*A Doll’s House*

The great novel “A Doll’s House” written by Henrik Ibsen focuses on the general view of the feminism treatment in the early 19th century. In this age women were treated with disrespect and were considered to be at a lower status level than that of men. Towards the ending of the novel, we notice the tragic ending that occurs and how that affects our perspective towards this awful treatment. Here basically, Helmer represents the controlling man and Nora symbolizes the woman who suffers before this control and treatment (as if she was some toy doll).

Ibsen uses different stage directions as a mean to convey information to the audience in the first two scenes of act one. At the beginning of the novel Ibsen provides us with a brief description of the house and how well ordered it looked. “tastefully but not expensively furnished” . This establishes the idea that the Helmer family exactly that wealthy and they tend to have a simple home to live in. In addition, the stage directions also have a tendency to reveal some of the characteristics of the characters. “She stuffs the bag of macaroons in her pocket and wipes her mouth”. This demonstrates to us the degree of fear Nora has towards Torvald. "[She and the children play, laughing and shrieking, in this room and in the adjacent room on the right. Finally Nora hides under the table; the children come rushing in to look for her but cannot find her; they hear her stifled laughter, rush to the table, lift up the tablecloth and find her. Tremendous shouts of delight. She creeps out and pretends to frighten them. More shouts]". Here this also proves Nora’s childlike actions, which states her mental loss maturity and might foreshadow some actions that occur later on in the novel.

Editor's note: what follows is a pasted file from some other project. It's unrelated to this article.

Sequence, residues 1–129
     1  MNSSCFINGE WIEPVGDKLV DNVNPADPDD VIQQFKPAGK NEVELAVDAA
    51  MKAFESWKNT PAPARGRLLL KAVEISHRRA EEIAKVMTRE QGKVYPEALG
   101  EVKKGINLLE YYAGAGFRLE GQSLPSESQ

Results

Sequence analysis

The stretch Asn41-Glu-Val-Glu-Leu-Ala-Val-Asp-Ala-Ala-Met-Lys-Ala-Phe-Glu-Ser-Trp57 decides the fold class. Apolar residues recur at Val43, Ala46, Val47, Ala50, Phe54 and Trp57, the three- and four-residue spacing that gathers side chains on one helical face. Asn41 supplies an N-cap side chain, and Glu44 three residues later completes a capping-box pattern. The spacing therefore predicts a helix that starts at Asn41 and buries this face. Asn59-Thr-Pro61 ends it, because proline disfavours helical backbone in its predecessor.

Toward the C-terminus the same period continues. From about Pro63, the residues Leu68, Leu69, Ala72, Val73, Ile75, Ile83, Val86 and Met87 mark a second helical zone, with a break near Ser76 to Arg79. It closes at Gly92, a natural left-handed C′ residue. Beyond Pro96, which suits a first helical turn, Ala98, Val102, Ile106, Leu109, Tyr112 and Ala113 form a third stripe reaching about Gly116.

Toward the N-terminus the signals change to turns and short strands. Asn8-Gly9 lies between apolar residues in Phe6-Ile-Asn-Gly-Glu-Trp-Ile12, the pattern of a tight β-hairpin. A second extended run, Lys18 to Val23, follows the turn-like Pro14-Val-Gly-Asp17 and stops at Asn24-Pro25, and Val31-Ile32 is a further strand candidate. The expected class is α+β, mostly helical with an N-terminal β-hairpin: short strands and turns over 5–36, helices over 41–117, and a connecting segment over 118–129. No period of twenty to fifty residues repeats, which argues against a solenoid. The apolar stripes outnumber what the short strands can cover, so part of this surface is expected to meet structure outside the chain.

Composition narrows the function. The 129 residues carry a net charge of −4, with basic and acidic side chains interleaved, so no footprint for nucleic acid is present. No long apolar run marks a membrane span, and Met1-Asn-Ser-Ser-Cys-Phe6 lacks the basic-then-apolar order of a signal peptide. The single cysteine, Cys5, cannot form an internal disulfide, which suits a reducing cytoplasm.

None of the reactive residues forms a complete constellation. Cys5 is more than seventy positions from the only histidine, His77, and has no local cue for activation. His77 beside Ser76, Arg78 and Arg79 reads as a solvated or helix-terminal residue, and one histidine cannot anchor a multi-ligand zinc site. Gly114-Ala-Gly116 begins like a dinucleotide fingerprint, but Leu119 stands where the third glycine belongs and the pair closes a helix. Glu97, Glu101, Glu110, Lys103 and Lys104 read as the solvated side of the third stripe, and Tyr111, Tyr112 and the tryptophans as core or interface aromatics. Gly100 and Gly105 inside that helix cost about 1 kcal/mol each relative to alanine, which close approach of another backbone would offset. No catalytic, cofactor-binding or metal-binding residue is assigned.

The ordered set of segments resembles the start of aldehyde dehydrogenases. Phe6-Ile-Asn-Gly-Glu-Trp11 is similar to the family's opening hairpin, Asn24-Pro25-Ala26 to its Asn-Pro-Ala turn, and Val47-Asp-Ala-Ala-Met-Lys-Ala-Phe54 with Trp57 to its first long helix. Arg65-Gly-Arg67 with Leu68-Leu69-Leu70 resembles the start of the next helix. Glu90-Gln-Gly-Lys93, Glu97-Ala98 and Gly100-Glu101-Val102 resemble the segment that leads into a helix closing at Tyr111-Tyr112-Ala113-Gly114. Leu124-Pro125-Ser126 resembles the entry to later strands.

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Our initial impression of Nora begins as an innocent and caring mother, then later on in the novel we notice the truth behind this. At this point we notice that Nora tends to have some kind of a rebellious behavior. This is shown by how she tends to hide the macaroons and lie to her husband about the fact that she borrowed money from Krogstad. Even though we notice that the second act of rebellion was cause out of good intentions, but the fact that she hid it away from her husband was stilled looked into as sneaky. We ...

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